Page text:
On one of the morning news talk shows last Sunday, Wisconsin Gov. Scott Walker was asked about Hillary Clinton's possible candidacy for president. He responded: "People want to look to the future, we don't want to go back in time."

To me, that is pure and simple ageism.

Let's get this elephant out of the room. What Walker, 47, is attempting to do is say that Clinton, 67, is old, and an "older" person in office would take us back into the past, not the future.  Outrageous, and I say again, ageist.

And if you're not sure what ageism is, think along the lines of racism, anti-Semitism, a simple hate or willingness to discriminate or, in this case, degrade someone who is older simply for his or her age.

There's another way this same ageist argument comes from younger politicians. The line goes, "It's time for the older officials to make room for the next generation." In other words, maybe they should retire to allow those of a younger generation to get that job. Would that be called job discrimination? The only thing disqualifying them from the job is age?

Of course, then you'll find those same young politicians telling senior voters that they want to hear about the issues of concern to them in an attempt to get their votes.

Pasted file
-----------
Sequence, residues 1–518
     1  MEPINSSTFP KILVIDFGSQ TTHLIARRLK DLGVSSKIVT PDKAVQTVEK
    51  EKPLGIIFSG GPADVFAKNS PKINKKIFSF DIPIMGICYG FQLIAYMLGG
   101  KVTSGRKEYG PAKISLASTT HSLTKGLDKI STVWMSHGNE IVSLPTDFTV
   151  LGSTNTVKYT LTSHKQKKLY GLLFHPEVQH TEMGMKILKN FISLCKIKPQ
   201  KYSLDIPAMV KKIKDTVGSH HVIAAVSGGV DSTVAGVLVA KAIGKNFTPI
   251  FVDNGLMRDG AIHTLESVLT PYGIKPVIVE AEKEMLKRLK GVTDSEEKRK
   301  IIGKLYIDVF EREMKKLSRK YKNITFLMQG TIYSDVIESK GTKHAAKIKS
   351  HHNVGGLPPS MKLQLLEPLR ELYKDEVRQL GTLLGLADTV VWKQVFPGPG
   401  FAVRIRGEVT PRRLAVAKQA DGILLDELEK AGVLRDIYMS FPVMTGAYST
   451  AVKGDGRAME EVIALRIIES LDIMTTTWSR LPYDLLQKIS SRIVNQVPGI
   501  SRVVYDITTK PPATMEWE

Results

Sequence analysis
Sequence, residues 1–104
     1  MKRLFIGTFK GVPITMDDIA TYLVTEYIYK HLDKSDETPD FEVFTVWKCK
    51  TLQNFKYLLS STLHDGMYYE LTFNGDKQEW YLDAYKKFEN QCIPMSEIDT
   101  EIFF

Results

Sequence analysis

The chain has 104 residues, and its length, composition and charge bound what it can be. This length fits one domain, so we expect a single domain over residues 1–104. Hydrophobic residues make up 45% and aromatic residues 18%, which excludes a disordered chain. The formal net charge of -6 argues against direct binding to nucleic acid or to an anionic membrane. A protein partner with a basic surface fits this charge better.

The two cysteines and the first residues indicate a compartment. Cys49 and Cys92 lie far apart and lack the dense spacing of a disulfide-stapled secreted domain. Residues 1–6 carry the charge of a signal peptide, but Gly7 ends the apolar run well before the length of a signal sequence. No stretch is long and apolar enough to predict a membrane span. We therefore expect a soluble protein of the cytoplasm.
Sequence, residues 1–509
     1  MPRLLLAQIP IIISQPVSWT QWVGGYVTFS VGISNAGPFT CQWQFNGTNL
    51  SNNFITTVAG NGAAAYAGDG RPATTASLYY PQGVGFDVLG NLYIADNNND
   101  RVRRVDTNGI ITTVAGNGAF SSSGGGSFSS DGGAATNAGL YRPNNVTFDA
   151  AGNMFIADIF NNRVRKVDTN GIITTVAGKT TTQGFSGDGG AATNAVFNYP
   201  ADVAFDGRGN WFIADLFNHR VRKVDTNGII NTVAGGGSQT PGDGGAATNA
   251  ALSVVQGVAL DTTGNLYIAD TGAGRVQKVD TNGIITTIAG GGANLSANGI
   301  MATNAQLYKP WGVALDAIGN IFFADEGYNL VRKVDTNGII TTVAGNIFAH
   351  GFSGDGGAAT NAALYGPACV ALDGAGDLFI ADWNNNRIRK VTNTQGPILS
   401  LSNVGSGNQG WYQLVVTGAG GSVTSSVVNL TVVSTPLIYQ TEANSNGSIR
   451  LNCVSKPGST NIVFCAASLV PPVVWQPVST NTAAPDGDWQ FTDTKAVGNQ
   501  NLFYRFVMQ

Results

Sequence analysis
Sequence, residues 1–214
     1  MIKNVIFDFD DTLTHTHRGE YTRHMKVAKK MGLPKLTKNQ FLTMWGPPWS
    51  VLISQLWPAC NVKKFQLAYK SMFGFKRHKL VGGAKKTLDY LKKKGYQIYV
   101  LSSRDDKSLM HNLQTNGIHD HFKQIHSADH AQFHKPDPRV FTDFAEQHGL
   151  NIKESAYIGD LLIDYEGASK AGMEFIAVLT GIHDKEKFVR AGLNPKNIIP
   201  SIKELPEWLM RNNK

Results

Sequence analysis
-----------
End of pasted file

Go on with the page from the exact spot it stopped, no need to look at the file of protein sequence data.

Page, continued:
In this case, the funny thing is that Walker most likely supports ideas that would take us back to 1950 — with his anti-labor, women's health, LGBT and immigration positions.

Here's an action point, at least for me. From today forward, I refuse to allow a public official to treat an older citizen in this fashion. If I hear it I'll yell ageism, or if I know they're speaking, I'll have a picket sign ready.

The hypocrisy is that such a line was never used when someone like Ronald Reagan was running. He was on the cusp of 70 when he took office. You might not like Hillary Clinton, but don't use her age as an excuse. If you do, you offend all older people.

Mark Segal, PGN publisher, is the nation's most-award-winning commentator in LGBT media. You can follow him on Facebook or Twitter.